Slide is the standard lockscreen. It doesn’t actually lock, but you must drag an icon to unlock your phone, which prevents shenanigans happening in your pocket. Anyone can unlock it, though, so it isn’t secure. If you choose to use it, but be sure to keep a close watch on your phone. It isn’t your safest option.
Face Unlock will make you feel like a secret agent: with it, your phone uses its camera to recognize your face and only unlocks the device if it’s you. Just in case you get beat up or become otherwise unrecognizable (like if there’s limited light shining on you), you’ll also be required to set a secondary PIN or password. It’s a cool novelty, but should not be considered a secure method of locking your device. Among other problems, it’s slower than other choices and won’t work correctly in the dark. To illustrate how weak it is, see for yourself how people have fooled it with just a Facebook picture.
Pattern, unsurprisingly, allows you to draw your own pattern on a three-by-three grid of dots. You can make it as simple or complex as you’d like. Danny has put patterns to the test and found out that they’re not as secure as you’d think, though, so while patterns are better than nothing, they’re not the best option. Consider that somebody could simply look at a smear on the screen from your finger and know your unlock pattern.
PIN, or personal identification number (don’t say PIN number!) allows you to set a number between four and 17 digits to protect your phone. The fact that they’re easy to type on the lockscreen combined with the ability to use more than 4 digits in the number makes the PIN an attractive option for lock screen security. It isn’t as foolproof as a password can be, but for most people, a PIN is the best balance of safety and convenience. Just be sure not to use “1234″ or another easily guessable PIN.
Password is an option that allows you to set a 4-17 character password just like the passwords you use online. You can use any combination of letters, numbers, and symbols. Since it has the most possible combination, a password protects your phone better than any other option. However, typing on a phone can be clunky, and typing out a 10+ character password dozens of times a day will get old fast. Unless you need absolute lockdown on your device, a PIN is the better option.
No mater which option you choose (except None), it’s wise to enable the Owner Info option. Still in the Security section, choose Owner Info. Here, you’ll be able to type out a few lines that will be displayed on the lock screen. Should someone find your device, even though they can’t unlock it, they’ll have your email or phone number to contact you.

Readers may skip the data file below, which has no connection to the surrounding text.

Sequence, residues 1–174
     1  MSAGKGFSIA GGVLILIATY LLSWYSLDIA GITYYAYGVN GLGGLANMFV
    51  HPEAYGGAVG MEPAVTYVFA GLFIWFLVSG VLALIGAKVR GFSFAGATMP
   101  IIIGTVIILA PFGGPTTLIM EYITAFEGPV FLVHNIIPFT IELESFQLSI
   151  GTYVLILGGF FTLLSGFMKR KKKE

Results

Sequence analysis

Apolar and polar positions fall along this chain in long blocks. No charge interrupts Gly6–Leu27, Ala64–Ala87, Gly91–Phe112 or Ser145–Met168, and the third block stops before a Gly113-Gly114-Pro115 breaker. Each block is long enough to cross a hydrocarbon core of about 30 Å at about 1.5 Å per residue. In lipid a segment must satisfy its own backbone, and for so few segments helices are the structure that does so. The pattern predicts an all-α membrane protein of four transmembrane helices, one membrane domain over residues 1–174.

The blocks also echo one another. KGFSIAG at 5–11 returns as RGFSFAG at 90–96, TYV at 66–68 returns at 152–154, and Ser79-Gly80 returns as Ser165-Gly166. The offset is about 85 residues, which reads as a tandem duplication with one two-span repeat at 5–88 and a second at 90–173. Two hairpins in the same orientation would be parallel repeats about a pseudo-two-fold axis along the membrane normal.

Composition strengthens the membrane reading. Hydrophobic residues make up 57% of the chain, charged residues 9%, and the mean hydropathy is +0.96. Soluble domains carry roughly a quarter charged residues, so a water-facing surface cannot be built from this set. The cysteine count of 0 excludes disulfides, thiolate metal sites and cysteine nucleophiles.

It’s important to keep your phone volume at an appropriate level. While at home, you probably want the volume loud so you can hear incoming calls. But when you’re in a restaurant or a meeting, you don’t want to be the person who’s fumbling to shut off their blaring ringer. Managing volume on Android doesn’t have to be a hassle, thankfully.
The two volume buttons on the side of your phone can be used to adjust the volume whenever the screen is unlocked. If you press the volume down button when it’s at the lowest setting already, vibrate-only mode is enabled, and one level below that will set the phone to silent. Alternatively, pressing and holding your device’s power button will pull up a quick menu where you can select to have the ringer on, vibrate, or silent.
If you need more control, head into the full Volume settings on your phone, located at Settings > Sound > Volumes. This will differ on some phones, but Android keeps three different volume settings:
Ringtone & Notifications controls your phone ringing, as well as notifications for texts, emails, and the like.
Music, Video, Games, and Other will control pretty much any other sound your phone makes, like YouTube videos or music. Because these two can be on different levels, it’s important to double-check them in some situations. Your ringer could be on silent, but if you pull out your phone during a meeting to play a game (you would never do that, would you?) and its volume is up, everyone is going to hear it.
While you’re using an app that uses this volume setting, you can use the physical volume buttons to adjust it instead of the ringer volume; the icon will change from a phone to a speaker so you know the difference when you do so.
Alarms simply controls the volume for alarms set on your phone. You wouldn’t want this to be set to silent when you’re depending on it to wake up!
You’re Up To Speed
Congratulations! You now know the essentials to operating an Android phone. Don’t feel bad if you ever need to ask for help or review something in this guide; once you use your phone for a while it will become even easier. If you ever want to ask a specific question, MakeUseOf Answers is a great place to start. Don’t forget to check out our list of the best Android apps for some ideas on what to install, too.
If you’d like to read more basic Android tips, Christian has written a simple how-to guide that will help you through other common activities.
Did these tips help you? What are your biggest difficulties with using Android? Have any friends that need to see this guide? Let us know how we did in the comments!